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Insurance companies are unlikely to have much more impact on spending growth than they’ve had for the past few decades. The real question about insurers’ role in health care is why they’ll be needed if providers can form organizations that are accountable for the cost and quality of care.
What are insurance companies good for? That’s the interesting question that health wonk and consultant Joe Paduda raises in a recent blog post. Paduda believes that in return for getting millions of new members as a result of the healthcare reform law, health plans should “manage care and control costs.” Otherwise, he says, they don’t have much of a purpose. But insurance companies are unlikely to have much more impact on spending growth than they’ve had for the past few decades. The real question about insurers’ role in health care is why they’ll be needed if providers can form organizations that are accountable for the cost and quality of care.
Paduda’s essay reflects on some comments about the Massachusetts reform law by Lora Pelligrini, president of the Massachusetts Association of Health Plans. While that 2006 statute has led to 97 percent of state residents getting health coverage, Pelligrini noted, it has failed to control skyrocketing healthcare costs. That’s why the state’s major health plans raised rates so much this year in the individual and small business markets - increases that Massachusetts Gov. Deval Patrick tried but failed to roll back. Because the Bay State’s program is the template for the insurance provisions in the Affordable Care Act, the state’s inability to get a handle on spending contains an obvious lesson for the nation as a whole.
Paduda doesn’t dispute Pelligrini’s point that the market dominance of certain hospital systems and physician groups enables them to demand higher payment rates from insurers. But he wonders why the health plans just pass on those rates to consumers and employers. Instead, he suggests, they should form narrower networks of the most cost-efficient providers and sell less expensive plans that use those networks for customers.
Paduda’s argument ignores some real world experience. For the past decade, employers have required insurers to provide broad networks of doctors and hospitals, responding to their employees’ desire for freedom of choice. And in areas like eastern Massachusetts, no plan can do without “brand-name” academic institutions such as Massachusetts General Hospital. Some insurers have tried to profile physicians on quality and efficiency - with inadequate measures and to great protests from doctors - but employers have generally rejected narrow networks.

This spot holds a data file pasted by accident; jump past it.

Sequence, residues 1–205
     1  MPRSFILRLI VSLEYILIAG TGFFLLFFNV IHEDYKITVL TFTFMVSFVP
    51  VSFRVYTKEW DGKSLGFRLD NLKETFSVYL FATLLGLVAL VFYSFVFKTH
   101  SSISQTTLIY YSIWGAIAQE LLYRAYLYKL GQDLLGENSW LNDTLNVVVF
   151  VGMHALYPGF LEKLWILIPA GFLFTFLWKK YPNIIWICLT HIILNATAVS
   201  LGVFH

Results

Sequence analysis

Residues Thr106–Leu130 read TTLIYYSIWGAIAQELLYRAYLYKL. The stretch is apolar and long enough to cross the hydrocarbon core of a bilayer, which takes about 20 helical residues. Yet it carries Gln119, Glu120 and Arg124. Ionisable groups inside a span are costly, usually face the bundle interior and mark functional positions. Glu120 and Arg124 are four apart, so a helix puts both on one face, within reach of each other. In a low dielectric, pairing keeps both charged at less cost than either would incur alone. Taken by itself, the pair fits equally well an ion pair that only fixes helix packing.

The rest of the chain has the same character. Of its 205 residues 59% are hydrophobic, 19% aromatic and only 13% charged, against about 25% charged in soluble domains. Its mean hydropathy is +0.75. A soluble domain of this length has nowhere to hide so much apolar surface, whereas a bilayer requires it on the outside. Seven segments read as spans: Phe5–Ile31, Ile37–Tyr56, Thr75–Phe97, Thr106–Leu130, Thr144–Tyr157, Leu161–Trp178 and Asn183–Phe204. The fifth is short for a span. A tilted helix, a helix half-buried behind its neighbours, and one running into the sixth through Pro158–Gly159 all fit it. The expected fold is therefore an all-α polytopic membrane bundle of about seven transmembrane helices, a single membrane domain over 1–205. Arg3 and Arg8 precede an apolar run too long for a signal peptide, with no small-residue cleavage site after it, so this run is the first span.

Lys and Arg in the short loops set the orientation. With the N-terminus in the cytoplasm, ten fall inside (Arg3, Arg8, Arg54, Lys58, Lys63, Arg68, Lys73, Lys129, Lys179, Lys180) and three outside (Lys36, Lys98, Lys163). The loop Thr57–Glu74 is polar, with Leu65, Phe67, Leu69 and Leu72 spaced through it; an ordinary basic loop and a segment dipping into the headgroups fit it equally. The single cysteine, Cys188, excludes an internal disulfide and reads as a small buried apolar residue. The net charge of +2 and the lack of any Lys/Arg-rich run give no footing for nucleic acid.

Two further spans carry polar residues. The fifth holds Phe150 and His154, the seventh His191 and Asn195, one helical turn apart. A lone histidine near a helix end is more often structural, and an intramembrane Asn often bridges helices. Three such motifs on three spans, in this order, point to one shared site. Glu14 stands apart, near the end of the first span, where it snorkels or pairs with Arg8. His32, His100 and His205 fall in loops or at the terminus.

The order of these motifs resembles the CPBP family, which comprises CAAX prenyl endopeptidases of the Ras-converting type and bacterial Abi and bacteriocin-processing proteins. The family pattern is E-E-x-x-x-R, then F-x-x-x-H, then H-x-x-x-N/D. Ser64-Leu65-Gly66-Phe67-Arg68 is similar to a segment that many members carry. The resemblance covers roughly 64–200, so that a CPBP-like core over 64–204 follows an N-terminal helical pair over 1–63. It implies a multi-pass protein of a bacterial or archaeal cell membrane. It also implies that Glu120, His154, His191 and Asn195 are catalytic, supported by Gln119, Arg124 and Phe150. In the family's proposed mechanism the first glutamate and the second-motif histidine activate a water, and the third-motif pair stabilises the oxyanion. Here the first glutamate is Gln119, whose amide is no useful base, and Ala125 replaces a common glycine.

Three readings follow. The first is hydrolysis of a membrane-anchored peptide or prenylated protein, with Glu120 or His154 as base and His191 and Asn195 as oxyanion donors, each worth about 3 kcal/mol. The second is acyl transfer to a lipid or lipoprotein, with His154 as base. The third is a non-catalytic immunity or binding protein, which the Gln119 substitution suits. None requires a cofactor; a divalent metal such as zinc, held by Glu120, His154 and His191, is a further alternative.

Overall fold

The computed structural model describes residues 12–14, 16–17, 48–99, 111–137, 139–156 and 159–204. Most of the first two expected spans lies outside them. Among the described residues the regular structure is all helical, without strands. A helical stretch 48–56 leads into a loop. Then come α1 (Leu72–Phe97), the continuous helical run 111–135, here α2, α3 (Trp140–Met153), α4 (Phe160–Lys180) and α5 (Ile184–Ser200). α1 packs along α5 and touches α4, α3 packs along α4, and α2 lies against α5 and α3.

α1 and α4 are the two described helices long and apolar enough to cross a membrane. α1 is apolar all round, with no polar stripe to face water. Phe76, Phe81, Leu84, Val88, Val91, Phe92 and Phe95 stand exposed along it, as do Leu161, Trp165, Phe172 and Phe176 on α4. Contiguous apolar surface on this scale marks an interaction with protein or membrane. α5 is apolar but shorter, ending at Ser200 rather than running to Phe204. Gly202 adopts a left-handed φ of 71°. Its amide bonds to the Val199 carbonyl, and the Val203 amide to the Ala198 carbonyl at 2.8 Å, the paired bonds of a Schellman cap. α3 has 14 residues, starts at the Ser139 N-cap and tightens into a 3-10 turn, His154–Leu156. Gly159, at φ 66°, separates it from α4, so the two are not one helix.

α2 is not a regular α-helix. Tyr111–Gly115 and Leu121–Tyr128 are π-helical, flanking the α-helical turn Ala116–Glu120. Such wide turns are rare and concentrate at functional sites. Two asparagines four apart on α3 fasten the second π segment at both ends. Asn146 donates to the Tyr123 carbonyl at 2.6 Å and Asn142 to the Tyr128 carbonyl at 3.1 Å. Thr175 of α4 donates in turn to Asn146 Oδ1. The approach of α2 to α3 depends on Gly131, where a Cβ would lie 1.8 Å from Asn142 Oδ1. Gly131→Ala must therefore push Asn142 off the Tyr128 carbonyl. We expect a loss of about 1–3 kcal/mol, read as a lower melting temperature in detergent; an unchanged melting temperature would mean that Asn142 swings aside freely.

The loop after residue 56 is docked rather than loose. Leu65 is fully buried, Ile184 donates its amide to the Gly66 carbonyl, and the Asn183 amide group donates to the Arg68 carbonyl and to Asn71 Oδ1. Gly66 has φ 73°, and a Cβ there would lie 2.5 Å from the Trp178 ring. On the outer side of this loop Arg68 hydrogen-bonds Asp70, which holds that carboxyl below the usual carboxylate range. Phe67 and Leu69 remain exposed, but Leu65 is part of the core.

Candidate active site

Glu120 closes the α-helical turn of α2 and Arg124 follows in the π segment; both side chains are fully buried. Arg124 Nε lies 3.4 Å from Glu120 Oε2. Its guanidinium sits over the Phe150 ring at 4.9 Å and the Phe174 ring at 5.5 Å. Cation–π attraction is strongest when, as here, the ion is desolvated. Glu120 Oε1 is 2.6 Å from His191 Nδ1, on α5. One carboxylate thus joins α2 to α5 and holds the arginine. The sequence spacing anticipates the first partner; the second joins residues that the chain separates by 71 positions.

Paduda also skips over the fact that physicians resist health plans’ efforts to manage care. You prize your independence, and you know far more about individual patients than insurance company staffers following preset rules do. Moreover, some health plan policies - such as requiring pre-authorizations to cover certain drugs - are purely designed to save money. That doesn’t excuse the refusal of some doctors to follow evidence-based guidelines that have been shown to benefit patients and save lives. But physicians basically don’t believe that health plans have the moral authority to tell them how to practice - and patients agree.
The Affordable Care Act tries to keep insurance premiums down in two ways: by setting up state insurance exchanges that will help small businesses and individuals shop for insurance; and by establishing a minimum percentage of the premium that health plans must spend on patient care. (That’s 85 percent for large-company plans and 80 percent for individual and small-group plans.) It remains to be seen whether the state exchanges will significantly limit premium increases; in Massachusetts, they have not. And it’s also unclear whether the floor on “medical loss ratios” will force health plans to reduce their administrative costs or their profits significantly. Conceivably, they could just raise insurance rates to maintain their profitability.
None of this really matters compared to the provisions of the Affordable Care Act that would restructure the healthcare delivery system. By changing how doctors and hospitals are paid, concepts like payment bundling and accountable care organizations could create real incentives for providers to hold down costs. But if providers form larger organizations and take financial risk, it will be increasingly difficult to understand why we need insurance companies at all.